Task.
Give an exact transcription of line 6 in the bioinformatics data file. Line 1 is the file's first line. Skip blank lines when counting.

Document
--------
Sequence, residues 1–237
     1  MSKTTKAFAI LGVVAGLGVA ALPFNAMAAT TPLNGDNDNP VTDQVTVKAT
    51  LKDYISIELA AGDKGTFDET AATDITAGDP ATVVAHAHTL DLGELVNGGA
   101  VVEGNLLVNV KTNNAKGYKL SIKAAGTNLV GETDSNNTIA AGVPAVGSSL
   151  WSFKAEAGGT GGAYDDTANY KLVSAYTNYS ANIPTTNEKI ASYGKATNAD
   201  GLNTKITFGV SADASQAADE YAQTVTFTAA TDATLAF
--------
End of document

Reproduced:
   201  GLNTKITFGV SADASQAADE YAQTVTFTAA TDATLAF